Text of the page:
If more people at the Houses of Parliament and in British mainstream media were aware of the unprecedented horrors which Russia endured and eventually prevailed over during the Great Patriotic War, which is the Russian name for the Second World War, then there might be more understanding shown to what the Kremlin is saying today about its security concerns in Europe and the wider world.

If we turn to the year 1992, we see that Russia, following the collapse of the Soviet Union, was in meltdown – politically, economically and militarily. The fabric of Russian society was torn to shreds. Russia had gone, overnight, from being a superpower to a country barely able to stand on its own two feet. For the US, which is the leader of the western world and of NATO, the Russian decline provided a golden opportunity to achieve American global hegemony.

The Pentagon’s Defence Planning Guidance of 1992, more commonly known as the Wolfowitz Doctrine, after its co-author Paul Wolfowitz, argued that: “Our first objective is to prevent the re-emergence of a new rival, either on the territory of the former Soviet Union or elsewhere, that poses a threat on the order of that posed formerly by the Soviet Union…We must maintain the mechanism for deterring potential competitors from even aspiring to a larger regional or global role.” On Russia, the document stated that: “Despite its current travails, Russia will remain the strongest military power in Eurasia and the only power in the world with the capability of destroying the United States.”

And so, to prevent “the re-emergence of a new rival”, and in light of the Russian nuclear arsenal, the US began advancing NATO eastwards, in 1999 and 2004, taking the alliance to Russia’s doorstep. That is something, which even the former Secretary of State James Baker acknowledged, was told to Mikhail Gorbachev, in 1990, by George H Bush, would not occur. American and British politicians rarely, if at all, consider how they would respond if a Russian-led military alliance was on their borders; for example, in Mexico, Canada or France.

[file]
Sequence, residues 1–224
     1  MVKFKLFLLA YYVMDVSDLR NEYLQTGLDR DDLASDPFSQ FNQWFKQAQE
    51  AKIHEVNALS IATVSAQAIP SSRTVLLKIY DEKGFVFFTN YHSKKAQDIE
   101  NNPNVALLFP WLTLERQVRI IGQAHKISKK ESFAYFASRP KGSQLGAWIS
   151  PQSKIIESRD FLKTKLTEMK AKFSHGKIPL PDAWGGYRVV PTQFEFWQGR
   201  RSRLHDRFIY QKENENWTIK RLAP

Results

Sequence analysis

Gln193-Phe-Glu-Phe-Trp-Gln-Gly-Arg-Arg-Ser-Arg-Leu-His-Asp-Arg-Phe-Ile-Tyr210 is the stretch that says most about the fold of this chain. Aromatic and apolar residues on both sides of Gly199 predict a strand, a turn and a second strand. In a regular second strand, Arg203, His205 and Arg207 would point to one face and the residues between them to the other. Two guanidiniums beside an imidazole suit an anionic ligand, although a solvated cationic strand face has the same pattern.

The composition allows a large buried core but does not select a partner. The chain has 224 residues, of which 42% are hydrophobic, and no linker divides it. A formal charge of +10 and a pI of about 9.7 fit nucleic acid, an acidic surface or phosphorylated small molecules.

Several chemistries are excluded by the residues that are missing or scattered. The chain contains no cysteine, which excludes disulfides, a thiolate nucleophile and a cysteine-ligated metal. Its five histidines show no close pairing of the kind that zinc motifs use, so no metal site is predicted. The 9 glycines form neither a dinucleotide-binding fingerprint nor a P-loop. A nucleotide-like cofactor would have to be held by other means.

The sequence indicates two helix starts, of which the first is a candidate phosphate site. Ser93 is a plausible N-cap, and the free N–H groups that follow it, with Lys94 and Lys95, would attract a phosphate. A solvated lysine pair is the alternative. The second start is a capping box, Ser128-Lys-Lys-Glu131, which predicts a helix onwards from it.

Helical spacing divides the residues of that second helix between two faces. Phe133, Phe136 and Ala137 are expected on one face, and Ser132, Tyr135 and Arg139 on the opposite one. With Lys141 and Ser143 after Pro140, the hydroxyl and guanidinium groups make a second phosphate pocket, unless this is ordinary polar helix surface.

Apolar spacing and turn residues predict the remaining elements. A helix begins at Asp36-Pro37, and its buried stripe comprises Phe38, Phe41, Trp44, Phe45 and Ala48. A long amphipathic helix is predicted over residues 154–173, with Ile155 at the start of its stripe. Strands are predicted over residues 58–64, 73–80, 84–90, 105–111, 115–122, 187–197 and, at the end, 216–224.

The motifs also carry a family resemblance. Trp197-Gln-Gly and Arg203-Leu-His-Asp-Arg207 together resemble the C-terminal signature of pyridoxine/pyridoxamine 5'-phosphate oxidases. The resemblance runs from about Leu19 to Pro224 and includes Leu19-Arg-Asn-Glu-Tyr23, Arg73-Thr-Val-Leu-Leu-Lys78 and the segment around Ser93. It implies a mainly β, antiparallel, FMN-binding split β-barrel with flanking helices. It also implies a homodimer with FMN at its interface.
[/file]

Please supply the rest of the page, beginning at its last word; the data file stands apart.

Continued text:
Now, some of you in this room might be thinking: Yes but NATO is a defensive organisation. Well, in 1994 and 1995, NATO attacked the Bosnian Serbs, Russia’s allies; in 1999, NATO bombed Serbia, a historic Russian ally; in 2003, NATO spearheaded the invasion of Iraq, who Russia had close relations with; in 2011, NATO intervened in Libya, which was Russia’s eyes and ears in North Africa; and from 2011 to the present, the US, UK and France – all NATO members, of course – are attempting to overthrow the Syrian Government, which is Russia’s eyes and ears in the Middle East. In short, Moscow, rightly so, views NATO as an aggressive organisation – and one that is used by Washington to prevent a rival power from challenging its global dominance.